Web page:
• Small style upgrades can increase the design impact of the single-frame casement window. Consider opting for a flush-fit frame or choosing a powder-coated aluminum casement window for a pop of color.
French Casement Windows (Double Casement Windows)
French casement windows are a type of double casement windows, consisting of two casements (the area that contains the glass) in a single window frame.
With French casement windows, the hinges are located on opposite sides of the frame. This allows the windows to be opened from the middle. Each window swings outward, moving away from each other as they are opened.
Traditional French casement windows do not have a vertical post in the center. If a vertical post exists, this is sometimes called a double casement window instead.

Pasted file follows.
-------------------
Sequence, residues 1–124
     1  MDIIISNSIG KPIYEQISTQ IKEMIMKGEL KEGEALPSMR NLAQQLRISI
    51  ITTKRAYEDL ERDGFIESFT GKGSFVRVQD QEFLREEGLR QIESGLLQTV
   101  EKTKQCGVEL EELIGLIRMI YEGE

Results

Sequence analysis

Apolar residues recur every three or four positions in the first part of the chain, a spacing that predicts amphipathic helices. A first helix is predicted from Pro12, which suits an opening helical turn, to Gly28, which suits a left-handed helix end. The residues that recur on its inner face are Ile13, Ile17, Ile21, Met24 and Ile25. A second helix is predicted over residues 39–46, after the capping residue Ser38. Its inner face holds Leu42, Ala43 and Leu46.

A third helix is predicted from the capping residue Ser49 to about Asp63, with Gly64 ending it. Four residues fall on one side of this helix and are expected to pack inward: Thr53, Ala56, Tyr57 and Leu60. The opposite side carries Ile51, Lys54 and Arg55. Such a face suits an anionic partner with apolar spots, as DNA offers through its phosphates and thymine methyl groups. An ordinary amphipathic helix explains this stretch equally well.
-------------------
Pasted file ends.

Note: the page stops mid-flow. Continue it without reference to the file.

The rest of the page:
Pros and Cons of French Casement Windows: French casement windows are a great choice for many reasons, but first among them is their dramatic appearance.
• French or double casement windows take up twice the wall space than a single casement window. This means they let in twice as much light flood into your space, brightening the room and improving the atmosphere.
Because of this extra-wide opening, French casement windows also allow plenty of fresh air, diminishing the barriers between you and the great outdoors.
• A possible con of French casement windows is that they require a double-wide window opening, However, if you don’t have an existing double-wide window opening, it is possible to have one installed.